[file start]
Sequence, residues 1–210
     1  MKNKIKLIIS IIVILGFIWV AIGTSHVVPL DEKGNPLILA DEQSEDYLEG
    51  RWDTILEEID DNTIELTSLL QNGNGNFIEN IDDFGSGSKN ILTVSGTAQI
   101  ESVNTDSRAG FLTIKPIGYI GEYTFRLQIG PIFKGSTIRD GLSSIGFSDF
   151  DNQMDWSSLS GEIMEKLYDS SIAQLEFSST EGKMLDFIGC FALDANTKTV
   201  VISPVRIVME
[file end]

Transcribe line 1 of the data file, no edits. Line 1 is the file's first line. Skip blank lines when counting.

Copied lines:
Sequence, residues 1–210